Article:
In January I began a project to catalogue records in the Cathedral Archive which relate to prebends and prebendaries.
A prebend is an early ecclesiastical term which is unfamiliar to most people – it certainly was to me! It derives from the Medieval Latin word praebenda, which translates as an 'allowance.' In a church context, the word prebend means a stipend or the estate producing a stipend, which was given to canons to provide an income. These canons were known as prebendaries, and would be allocated a stall in the Cathedral with the name of their prebend on it. The image above shows some of the prebendal stalls at Salisbury, which are next to the Choir stalls in the central part of the Cathedral.
The surviving records date back to the 12 century, and relate to a large number of people and places. As a result, the project required a good deal of preparation. First, I needed to fully understand what prebends and prebendaries were, then build up knowledge about Salisbury Cathedral’s prebends, and last but by no means least, get a good understanding of Medieval Latin as most of the records were not in English. The latter was marginally aided by some rusty (Classical) Latin skills which have now significantly improved! As if this were not already quite daunting, the existing paper lists of these records were not always helpful (one example of a catalogue entry being ‘very miscellaneous papers, decayed and mutilated’). This in addition to some poor packaging (see the accompanying gallery) made for a pretty formidable task ahead!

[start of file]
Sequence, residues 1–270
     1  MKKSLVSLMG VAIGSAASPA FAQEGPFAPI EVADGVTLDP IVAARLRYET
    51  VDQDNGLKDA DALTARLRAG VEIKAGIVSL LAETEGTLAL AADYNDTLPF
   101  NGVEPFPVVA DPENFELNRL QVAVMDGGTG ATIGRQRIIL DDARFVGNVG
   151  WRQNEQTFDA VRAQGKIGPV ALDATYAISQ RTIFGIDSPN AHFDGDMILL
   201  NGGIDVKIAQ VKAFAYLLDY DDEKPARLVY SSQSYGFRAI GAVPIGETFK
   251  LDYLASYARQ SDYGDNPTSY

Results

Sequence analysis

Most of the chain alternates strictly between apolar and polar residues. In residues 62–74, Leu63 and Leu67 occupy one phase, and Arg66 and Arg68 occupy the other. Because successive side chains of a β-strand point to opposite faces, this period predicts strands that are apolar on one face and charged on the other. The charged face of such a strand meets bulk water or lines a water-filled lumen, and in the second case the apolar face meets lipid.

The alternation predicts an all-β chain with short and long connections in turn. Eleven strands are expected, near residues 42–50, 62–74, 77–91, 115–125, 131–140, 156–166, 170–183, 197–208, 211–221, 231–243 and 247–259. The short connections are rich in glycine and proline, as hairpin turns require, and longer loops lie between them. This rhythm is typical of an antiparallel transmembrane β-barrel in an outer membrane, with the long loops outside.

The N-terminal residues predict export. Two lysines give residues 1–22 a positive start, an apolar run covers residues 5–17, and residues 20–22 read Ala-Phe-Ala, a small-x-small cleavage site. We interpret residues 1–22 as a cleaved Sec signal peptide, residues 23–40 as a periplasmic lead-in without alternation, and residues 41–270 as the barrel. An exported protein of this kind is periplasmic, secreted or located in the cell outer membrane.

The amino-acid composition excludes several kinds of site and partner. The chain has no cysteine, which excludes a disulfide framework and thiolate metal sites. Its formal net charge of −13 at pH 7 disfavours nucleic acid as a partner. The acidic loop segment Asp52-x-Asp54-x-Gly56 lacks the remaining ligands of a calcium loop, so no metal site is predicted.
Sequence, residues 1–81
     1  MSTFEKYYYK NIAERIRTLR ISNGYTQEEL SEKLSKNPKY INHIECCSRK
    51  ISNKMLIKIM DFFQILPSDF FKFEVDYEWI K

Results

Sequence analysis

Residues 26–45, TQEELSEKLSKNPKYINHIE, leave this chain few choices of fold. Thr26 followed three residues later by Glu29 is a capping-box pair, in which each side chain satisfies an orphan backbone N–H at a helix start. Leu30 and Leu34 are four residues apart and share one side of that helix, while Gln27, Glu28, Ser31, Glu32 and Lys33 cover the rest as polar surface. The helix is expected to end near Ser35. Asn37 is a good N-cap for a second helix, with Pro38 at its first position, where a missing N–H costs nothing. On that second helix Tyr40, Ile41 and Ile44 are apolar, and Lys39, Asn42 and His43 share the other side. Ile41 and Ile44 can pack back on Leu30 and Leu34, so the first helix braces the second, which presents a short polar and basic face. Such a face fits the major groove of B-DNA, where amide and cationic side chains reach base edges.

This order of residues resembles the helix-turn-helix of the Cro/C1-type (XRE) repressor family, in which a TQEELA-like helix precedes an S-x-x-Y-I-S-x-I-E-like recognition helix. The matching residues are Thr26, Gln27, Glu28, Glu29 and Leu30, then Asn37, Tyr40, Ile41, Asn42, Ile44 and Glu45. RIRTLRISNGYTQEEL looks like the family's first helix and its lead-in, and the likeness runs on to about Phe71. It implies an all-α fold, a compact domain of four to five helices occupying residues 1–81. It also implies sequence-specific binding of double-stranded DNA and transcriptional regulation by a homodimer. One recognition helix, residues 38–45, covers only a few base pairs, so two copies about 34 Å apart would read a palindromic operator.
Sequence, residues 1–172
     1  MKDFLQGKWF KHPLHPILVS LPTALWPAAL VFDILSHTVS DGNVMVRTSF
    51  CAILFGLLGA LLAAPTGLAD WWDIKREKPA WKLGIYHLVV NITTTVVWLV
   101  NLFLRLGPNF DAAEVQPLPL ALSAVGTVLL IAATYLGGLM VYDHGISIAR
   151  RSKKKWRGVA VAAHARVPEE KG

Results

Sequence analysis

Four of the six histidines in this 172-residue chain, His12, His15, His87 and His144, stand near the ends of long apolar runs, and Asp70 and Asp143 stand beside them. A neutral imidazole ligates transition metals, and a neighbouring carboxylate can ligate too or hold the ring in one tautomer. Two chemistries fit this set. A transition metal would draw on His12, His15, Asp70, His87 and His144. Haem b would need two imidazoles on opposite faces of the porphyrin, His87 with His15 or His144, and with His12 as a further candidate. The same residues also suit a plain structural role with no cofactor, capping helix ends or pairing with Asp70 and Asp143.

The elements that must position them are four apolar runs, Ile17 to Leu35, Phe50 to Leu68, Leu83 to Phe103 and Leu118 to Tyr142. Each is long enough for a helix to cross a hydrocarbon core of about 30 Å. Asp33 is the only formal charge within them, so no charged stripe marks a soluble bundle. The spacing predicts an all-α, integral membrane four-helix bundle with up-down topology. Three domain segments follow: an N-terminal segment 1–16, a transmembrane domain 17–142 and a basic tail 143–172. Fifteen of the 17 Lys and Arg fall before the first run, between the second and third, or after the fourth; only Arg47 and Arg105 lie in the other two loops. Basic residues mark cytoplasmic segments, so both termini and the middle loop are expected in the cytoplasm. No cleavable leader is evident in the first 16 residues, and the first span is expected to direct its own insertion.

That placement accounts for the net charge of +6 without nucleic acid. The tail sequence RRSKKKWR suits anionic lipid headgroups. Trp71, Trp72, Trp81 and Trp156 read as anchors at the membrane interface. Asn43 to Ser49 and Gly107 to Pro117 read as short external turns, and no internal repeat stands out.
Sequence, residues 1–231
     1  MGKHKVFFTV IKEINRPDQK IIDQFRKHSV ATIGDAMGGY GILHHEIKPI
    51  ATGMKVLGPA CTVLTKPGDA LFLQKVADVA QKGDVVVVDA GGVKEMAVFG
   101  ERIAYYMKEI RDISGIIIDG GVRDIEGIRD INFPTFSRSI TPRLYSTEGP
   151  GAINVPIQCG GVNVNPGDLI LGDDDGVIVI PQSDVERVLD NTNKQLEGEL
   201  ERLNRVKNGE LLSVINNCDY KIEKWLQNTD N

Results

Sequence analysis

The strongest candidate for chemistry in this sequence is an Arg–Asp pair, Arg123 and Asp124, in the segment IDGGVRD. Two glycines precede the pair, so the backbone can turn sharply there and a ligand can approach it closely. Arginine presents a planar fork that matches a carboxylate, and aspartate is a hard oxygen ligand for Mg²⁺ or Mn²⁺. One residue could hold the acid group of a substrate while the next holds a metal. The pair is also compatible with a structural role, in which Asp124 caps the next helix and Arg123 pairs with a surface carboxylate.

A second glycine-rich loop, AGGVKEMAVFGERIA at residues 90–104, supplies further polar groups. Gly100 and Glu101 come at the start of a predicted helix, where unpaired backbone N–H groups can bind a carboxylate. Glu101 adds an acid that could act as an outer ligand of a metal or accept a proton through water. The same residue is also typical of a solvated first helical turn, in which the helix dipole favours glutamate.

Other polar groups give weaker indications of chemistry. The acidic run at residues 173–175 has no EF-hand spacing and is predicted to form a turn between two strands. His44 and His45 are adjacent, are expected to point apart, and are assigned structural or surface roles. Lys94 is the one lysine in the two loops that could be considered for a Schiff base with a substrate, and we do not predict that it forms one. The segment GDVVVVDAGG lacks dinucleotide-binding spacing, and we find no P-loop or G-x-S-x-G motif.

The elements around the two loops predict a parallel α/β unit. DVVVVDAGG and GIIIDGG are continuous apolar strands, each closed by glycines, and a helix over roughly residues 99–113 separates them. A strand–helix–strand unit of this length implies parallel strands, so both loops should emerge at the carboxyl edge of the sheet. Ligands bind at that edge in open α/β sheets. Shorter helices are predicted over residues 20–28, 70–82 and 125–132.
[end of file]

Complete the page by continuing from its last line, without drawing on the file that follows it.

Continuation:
A small number of the records had already been grouped according to prebend, and this proved a good basis on which to create the structure of the Prebend series of records (a series is a hierarchical level of description used when cataloguing archives). The remainder of the records had been itemised in scattered fashion, if at all, and many had been artificially grouped with unrelated records. (The reference numbers used in the old paper lists are always cited in the new catalogue so that the previous structure can be recreated if necessary.)
In addition to the main body of records which were to be catalogued according to prebend, there were also two additional groups: citation mandates (official summons), and records relating to a valuation of prebends carried out during the mid-17 century. The latter were particularly interesting, as they contained detailed descriptions of property belonging to the prebends, in addition to personal letters from various prebendaries about why they were unable to attend a Pentecostal Chapter meeting at which they were ordered to present a valuation of their prebend. An example is shown in the accompanying gallery, where you can also see other examples of the prebendal records. To view the gallery click here.
The Prebend section of the Archive Catalogue can now be downloaded here.